The previous two days have seen reports of Hawfinches being present at Bramfield Church in Hertfordshire.
Having missed them earlier in the year on two occasions I was keen for a visit. Dad had never seen a Hawfinch before and also needing one more tick for his 250th of the year is not only keen but desperate to go.
A Barn Owl flies low along the hedges, It lands briefly on a fence post but is quickly mobbed by numerous Magpies forcing it to head across the next field and out of view.
It's seen again shortly afterwards when it flies through the hedges and heads off along the roadside.
It's shortly after 8am when we get the first sighting of Hawfinch. Five birds fly into the tall poplars and after confirming that they are Hawfinch I'm running down the road trying to find dad who's gone walkabout.
Luckily the birds stay put long enough for him to get good views and add another lifer and his 250th year tick. Congratulations dad.
The birds leave the poplars and head for the yew tree at the back of the church. Again good views are had but the poor light and the distance makes for poor photos.
We stay for around five hours and are surprised by how many people arrive in that time. Fifty plus people come and go including among them one Lee Evans.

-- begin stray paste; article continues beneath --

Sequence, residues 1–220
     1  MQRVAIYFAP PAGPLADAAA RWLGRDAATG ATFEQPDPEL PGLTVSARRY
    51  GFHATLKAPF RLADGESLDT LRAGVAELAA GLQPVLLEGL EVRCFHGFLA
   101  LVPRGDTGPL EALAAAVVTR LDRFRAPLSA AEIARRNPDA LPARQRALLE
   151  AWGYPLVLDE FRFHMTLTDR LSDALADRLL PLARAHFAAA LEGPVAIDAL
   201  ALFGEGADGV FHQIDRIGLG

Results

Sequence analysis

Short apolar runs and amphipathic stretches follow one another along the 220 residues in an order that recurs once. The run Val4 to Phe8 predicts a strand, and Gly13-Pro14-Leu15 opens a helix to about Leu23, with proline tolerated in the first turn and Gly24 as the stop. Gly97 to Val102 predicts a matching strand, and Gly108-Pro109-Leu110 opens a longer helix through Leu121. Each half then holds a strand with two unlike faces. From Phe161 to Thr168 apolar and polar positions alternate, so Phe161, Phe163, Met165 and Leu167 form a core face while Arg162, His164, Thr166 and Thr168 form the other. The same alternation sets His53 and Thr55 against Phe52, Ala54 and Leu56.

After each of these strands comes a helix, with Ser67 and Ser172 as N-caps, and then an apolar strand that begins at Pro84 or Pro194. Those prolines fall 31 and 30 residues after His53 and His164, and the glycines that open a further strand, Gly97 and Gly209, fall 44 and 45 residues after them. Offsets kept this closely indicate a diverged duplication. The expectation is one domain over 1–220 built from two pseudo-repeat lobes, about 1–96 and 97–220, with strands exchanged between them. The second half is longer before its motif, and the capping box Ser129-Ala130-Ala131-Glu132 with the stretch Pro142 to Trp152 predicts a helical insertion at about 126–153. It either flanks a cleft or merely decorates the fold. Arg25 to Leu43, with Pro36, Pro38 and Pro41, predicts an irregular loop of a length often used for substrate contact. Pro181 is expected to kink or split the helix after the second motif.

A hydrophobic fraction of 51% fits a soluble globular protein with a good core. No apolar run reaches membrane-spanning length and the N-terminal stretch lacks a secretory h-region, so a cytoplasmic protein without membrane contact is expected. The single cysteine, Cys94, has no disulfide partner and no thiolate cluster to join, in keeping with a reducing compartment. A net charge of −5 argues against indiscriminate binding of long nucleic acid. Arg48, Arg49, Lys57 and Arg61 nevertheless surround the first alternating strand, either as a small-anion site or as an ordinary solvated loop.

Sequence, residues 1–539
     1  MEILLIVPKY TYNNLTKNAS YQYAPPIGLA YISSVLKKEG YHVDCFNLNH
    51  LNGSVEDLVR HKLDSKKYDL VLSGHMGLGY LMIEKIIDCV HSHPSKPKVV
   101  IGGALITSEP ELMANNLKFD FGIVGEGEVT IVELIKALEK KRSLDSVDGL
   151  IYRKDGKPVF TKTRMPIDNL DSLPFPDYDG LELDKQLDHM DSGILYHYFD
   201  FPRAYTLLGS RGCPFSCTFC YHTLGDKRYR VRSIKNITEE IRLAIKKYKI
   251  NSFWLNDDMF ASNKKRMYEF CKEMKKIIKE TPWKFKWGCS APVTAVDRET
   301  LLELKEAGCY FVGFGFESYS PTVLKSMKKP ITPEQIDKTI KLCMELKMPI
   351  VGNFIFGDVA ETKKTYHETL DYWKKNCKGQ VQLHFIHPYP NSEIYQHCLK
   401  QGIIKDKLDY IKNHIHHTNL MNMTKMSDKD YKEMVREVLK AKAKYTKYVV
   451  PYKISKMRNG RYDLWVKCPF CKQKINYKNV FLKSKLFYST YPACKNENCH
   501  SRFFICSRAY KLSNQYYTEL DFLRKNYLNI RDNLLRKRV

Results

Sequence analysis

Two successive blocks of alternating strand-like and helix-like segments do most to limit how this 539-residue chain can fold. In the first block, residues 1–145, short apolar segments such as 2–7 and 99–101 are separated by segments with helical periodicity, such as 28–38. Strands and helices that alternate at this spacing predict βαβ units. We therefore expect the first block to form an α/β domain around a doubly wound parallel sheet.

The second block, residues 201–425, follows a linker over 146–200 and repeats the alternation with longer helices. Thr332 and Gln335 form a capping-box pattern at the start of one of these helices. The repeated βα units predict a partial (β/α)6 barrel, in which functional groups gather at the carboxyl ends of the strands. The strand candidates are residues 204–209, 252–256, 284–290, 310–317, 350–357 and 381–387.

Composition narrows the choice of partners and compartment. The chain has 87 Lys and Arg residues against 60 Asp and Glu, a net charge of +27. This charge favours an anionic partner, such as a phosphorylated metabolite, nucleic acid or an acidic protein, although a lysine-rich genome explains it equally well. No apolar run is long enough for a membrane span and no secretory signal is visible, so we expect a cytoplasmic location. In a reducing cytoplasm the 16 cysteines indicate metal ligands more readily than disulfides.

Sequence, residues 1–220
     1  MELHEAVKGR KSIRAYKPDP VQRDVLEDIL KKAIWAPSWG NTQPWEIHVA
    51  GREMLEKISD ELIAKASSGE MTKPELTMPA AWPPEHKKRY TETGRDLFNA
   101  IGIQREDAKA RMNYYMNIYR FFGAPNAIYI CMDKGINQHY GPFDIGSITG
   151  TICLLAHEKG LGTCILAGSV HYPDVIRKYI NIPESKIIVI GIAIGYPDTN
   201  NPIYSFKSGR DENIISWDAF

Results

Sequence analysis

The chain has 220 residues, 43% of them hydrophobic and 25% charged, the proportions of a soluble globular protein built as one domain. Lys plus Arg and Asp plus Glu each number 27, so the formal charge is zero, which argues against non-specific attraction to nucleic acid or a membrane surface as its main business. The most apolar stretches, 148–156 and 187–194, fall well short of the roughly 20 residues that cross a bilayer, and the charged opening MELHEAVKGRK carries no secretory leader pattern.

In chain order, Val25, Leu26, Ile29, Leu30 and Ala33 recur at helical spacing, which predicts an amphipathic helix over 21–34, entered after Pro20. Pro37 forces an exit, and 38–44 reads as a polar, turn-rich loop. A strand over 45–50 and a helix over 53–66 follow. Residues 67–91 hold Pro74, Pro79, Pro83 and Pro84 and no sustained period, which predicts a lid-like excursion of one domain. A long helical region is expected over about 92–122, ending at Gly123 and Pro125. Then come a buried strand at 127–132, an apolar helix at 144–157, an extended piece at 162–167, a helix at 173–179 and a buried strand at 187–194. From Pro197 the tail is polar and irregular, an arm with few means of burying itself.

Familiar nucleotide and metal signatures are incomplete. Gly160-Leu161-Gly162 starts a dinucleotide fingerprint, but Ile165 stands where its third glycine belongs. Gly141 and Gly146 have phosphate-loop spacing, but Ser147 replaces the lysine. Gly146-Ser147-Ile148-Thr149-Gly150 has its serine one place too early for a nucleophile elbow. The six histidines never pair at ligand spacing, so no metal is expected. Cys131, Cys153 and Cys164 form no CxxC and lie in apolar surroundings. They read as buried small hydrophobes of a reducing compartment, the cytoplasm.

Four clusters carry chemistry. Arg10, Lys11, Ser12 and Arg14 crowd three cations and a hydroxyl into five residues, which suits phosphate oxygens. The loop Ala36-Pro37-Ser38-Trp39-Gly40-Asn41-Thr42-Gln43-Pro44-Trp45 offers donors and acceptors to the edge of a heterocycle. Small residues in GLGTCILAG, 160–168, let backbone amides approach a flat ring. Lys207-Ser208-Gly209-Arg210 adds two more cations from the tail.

Best views of the Hawfinches were when they left the church grounds and headed across the road into The Old Rectory gardens. Giving superb scope views.
Leaving Bramfield we head for Amwell Nature Reserve. At the viewpoint, there's a redhead Smew found and a few Goldeneye. At Tumbling Bay the 1st winter male Scaup is quickly found. It spends most of it's time while we were there sleeping.
A stunning male Smew is found along with another redhead at the back of the island.
Shame the weather stayed overcast throughout the morning, and this coupled with the birds being too distant made for poor photo's.
But it's more about seeing the birds for me, if I can get a photo it's a nice bonus.
The scope views more than made up for the poor photo opportunities.